Carlos “Cake” Nunez
March To Fuzz double CD
Sub Pop Records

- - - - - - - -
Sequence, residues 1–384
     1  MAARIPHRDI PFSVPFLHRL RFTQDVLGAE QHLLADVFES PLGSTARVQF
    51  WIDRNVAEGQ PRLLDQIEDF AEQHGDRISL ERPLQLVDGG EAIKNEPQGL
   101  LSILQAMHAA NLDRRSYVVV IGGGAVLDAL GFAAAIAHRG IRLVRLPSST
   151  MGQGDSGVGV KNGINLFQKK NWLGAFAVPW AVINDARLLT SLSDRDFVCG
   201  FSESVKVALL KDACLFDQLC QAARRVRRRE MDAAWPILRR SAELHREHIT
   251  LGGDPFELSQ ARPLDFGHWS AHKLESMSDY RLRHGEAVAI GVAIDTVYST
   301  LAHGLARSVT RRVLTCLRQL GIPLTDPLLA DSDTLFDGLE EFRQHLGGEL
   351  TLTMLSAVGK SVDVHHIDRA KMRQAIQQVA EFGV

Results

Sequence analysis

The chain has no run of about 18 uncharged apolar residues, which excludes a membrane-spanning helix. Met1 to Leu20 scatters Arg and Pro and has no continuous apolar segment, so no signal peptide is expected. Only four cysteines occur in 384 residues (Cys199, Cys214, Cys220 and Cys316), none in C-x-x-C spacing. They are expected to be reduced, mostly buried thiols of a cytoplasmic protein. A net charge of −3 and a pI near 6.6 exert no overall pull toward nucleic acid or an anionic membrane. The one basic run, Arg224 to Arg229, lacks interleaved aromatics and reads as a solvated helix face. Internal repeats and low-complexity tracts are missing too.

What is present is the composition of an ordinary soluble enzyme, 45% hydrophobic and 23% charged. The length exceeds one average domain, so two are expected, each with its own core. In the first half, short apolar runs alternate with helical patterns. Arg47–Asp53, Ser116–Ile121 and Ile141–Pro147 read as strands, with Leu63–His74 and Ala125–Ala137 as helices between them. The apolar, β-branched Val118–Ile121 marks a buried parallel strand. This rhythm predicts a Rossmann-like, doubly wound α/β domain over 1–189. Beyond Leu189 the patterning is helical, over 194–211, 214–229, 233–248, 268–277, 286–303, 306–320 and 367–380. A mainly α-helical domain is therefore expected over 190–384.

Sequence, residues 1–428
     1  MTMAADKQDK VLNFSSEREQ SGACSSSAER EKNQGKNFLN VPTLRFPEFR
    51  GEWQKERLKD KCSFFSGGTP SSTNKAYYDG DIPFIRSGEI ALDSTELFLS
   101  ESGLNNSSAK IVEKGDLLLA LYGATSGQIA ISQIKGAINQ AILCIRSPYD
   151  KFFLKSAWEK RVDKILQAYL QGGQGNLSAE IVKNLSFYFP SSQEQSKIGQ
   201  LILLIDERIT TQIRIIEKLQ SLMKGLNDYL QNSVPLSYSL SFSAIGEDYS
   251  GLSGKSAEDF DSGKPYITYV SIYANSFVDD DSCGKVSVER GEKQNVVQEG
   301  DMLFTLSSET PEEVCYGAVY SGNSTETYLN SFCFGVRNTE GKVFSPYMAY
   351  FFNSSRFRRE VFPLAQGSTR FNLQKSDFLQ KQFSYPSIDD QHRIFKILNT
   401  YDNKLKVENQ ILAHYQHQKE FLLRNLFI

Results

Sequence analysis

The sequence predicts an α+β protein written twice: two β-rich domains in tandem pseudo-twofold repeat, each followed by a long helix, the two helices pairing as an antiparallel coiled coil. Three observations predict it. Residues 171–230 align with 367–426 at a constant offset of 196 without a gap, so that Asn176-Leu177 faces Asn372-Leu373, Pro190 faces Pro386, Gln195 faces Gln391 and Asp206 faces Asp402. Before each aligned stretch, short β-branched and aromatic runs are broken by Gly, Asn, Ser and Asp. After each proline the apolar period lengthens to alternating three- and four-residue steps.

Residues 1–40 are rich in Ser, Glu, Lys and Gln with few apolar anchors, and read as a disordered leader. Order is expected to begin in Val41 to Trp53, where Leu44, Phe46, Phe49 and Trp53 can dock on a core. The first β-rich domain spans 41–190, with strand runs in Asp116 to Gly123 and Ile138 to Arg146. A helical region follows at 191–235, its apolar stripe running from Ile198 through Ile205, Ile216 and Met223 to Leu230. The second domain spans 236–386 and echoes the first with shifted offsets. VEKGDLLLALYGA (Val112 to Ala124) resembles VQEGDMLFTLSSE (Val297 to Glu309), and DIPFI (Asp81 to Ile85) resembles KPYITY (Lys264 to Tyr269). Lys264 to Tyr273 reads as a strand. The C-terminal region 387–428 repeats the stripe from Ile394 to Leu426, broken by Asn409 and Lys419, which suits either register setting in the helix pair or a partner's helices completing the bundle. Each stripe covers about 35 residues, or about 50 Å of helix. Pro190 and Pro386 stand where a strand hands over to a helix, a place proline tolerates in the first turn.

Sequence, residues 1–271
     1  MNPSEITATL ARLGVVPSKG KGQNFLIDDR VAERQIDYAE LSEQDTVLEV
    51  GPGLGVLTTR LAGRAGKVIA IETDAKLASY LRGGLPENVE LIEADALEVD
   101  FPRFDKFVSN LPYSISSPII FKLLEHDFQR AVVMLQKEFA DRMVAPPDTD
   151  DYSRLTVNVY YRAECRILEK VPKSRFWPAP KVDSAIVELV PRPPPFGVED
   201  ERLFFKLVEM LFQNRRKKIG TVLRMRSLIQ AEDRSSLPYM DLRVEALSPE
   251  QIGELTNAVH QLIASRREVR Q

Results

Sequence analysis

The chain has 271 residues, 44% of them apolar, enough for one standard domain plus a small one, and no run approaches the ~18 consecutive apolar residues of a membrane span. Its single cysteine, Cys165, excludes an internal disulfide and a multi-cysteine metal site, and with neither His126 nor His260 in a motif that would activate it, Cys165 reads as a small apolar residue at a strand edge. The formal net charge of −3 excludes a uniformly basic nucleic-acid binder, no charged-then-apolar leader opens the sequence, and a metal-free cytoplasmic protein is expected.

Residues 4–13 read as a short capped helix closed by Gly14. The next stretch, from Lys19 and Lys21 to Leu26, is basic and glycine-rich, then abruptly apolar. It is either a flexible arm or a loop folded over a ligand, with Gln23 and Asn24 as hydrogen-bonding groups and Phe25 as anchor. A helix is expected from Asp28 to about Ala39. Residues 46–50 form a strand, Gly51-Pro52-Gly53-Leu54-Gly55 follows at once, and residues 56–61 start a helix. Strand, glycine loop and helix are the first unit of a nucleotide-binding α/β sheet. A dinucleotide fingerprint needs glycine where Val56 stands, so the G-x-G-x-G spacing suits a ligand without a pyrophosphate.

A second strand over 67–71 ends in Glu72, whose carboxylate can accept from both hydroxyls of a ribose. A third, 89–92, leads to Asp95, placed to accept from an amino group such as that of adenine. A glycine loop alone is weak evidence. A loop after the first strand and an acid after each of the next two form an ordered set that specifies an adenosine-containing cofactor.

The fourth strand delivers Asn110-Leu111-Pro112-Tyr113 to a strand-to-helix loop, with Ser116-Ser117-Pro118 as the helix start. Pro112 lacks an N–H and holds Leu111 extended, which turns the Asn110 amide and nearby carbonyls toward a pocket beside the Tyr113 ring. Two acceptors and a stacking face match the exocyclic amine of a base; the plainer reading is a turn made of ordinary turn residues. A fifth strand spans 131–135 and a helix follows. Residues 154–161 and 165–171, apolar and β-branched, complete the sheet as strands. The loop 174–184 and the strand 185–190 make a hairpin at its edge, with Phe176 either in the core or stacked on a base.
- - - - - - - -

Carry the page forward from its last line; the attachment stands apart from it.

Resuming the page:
What can one say of the band that started a revolution in the late 1980’s? Yes, Mudhoney were equal parts punk/garage/hard rock and were the masters of the re-revolution of the seven-inch single back in 1988 with the release of the immortal “Touch Me I’m Sick” which spanned dozens of bands. Mark Arm (guitar, vocals), Steve Turner (guitar), Matt Lukin (bass) and Dan Peters (drums) were the first of the Sub Pop group of bands (after Soundgarden) to restart the revolution originally started by beautiful Detroit, Michigan’s MC5 back in the late 1960’s. They had the energy, vision and music to do it. On hiatus after the “retirement” of esteemed bassist Matt Lukin, the band decided to release a compilation of the best shit that they’ve done. The compilation spans 1988 to the sessions of last years’ Reprise released Tomorrow Hit Today album. Cuts include: “Touch Me I’m Sick,” “Sweet Young Thing Ain’t Sweet No More,” “You Got It,” “If I Think,” “This Gift” and tons more–fifty two blazing cuts in all! It’s a good record to kick back and breathe in the dirty air to. And maybe you should take those bongs out that you put in storage some years back! Heh!